CANADALAND with Hilary Young 23 August 2018
On Wednesday, comedian and former TV and radio host Mike Bullard served Rogers Media and Chatelaine senior writer Sarah Boesveld a statement of claim for defamation. The suit asks for $6 million from the defendants: $1 million in general damages and $5 million in punitive and/or aggravated damages.
“The position of Mike Bullard is his [defamation] case is one of the most egregious, he’s suffered harm. He’s lost his job, he’s having a difficult time finding alternative employment,” Bullard’s lawyer, Joseph Villeneuve, says in a phone interview.
The statement of claim against Rogers, Boesveld, and a John or Jane Doe (representing an “as of yet unascertained fact-checker and/or editor”) demands they remove “all broadcasts and publications that allege, in their natural and ordinary meaning or by innuendo, that Mr. Bullard was guilty of stalking / criminal harassment.” The suit claims they published words that were responsible for subjecting Bullard “to ridicule, hatred, and contempt” and caused damage to his professional and personal reputations by implying that he is “unfit for employment and/or intimate relationships.”
The claims in the lawsuit (which is appended below) have not been tested in court.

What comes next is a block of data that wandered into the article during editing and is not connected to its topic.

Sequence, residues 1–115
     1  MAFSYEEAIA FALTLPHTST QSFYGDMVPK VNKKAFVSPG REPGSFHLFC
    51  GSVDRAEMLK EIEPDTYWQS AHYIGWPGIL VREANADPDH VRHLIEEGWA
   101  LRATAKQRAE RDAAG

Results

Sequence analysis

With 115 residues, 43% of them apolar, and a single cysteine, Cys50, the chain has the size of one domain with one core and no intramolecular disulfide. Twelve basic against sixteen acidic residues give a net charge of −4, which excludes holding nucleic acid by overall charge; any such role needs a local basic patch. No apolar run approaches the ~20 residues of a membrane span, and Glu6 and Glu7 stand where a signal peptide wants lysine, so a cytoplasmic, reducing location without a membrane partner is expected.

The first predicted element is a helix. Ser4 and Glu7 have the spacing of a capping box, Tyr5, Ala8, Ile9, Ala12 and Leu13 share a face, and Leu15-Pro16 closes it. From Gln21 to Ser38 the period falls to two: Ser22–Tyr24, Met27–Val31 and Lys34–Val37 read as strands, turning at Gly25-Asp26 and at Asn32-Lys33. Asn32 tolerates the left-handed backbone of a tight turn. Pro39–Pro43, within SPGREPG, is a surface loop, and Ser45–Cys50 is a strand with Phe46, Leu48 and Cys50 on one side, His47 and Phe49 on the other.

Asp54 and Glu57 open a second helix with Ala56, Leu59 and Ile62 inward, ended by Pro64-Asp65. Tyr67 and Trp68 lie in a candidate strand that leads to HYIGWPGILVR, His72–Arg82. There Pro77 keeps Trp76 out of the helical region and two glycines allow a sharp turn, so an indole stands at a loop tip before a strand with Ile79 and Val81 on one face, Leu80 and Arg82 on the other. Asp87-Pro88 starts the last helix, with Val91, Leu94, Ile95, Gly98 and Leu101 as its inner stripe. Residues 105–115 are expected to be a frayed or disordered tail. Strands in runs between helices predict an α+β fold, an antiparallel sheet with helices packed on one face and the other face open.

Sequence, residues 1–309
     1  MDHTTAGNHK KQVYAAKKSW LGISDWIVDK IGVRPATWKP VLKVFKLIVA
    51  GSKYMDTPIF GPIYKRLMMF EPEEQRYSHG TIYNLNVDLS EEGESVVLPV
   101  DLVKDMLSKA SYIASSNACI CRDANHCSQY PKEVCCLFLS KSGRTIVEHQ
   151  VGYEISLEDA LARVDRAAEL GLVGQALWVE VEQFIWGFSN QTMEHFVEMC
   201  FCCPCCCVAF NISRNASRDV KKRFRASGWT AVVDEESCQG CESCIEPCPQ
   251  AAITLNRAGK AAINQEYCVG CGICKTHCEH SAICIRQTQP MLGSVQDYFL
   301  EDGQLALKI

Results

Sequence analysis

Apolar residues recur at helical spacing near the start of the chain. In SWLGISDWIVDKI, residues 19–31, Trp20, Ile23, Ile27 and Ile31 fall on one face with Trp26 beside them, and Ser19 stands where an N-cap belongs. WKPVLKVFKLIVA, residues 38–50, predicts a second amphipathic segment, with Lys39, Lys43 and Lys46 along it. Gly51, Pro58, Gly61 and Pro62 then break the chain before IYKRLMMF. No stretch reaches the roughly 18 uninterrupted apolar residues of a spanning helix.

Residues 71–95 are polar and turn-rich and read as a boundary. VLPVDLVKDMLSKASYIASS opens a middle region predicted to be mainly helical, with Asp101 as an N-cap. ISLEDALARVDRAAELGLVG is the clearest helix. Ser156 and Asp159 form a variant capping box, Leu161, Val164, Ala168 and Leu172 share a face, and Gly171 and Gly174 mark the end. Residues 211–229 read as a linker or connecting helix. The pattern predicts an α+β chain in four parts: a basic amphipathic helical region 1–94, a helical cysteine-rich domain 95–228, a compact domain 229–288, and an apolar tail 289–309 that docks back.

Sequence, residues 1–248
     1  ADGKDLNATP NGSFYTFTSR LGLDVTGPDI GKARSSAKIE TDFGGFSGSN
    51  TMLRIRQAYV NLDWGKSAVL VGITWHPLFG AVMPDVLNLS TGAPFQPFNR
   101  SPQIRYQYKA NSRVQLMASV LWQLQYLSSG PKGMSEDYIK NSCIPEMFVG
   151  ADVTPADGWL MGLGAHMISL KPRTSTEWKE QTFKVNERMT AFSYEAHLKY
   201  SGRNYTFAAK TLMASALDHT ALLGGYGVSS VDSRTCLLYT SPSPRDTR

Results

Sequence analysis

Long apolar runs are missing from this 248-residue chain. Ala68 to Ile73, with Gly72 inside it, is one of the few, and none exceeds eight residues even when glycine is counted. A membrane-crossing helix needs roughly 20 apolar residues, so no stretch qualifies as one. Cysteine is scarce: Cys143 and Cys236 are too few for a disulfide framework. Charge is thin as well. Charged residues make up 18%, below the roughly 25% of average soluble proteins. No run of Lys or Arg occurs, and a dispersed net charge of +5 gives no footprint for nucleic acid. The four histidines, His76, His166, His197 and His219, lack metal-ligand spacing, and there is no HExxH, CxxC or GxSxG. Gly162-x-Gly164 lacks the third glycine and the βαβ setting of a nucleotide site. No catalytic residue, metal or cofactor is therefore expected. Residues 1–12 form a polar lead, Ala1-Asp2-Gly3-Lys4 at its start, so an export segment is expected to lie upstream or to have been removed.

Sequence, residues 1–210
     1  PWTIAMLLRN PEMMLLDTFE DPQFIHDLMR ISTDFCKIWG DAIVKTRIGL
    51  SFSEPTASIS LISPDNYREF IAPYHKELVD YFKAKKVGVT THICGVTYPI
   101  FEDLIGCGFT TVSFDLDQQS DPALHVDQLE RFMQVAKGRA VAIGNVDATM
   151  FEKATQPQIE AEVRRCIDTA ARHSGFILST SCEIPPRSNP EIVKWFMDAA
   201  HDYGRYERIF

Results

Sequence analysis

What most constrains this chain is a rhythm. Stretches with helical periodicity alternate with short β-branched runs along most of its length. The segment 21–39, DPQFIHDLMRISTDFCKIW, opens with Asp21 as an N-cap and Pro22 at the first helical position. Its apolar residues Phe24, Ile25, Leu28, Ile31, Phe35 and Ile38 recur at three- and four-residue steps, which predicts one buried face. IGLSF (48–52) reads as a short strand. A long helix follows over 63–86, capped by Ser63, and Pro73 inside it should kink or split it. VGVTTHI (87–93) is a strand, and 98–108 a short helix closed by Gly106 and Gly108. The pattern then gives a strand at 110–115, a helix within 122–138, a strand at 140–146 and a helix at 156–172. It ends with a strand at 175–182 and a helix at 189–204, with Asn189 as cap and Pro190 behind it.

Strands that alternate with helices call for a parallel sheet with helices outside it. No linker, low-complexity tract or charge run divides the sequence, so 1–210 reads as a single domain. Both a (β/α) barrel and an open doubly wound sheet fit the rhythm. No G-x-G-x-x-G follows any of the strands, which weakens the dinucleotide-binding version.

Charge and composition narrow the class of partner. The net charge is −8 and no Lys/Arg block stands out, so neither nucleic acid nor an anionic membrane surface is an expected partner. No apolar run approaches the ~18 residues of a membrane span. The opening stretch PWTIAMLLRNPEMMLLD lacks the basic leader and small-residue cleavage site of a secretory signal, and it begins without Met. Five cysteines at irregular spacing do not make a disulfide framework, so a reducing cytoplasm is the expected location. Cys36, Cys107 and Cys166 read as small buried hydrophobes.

Bullard’s suit is in response to Boesveld’s Chatelaine story “‘He Was Like Two Different People’: Cynthia Mulligan On Mike Bullard’s Harassment And His Guilty Plea,” a Q&A with CityNews reporter and Bullard ex-girlfriend Cynthia Mulligan. The article was published after he pled guilty in early June to making harassing telecommunications; a more serious charge of criminal harassment was dismissed. A week after the libel notices were served, Boesveld’s story was pulled from Chatelaine’s website, only to be reposted in its entirety days later.
(Bullard also pled guilty to two counts of breaching court orders and was given a conditional discharge, six months probation, and ordered to complete a Partner Assault Response program and have no further contact with Mulligan.)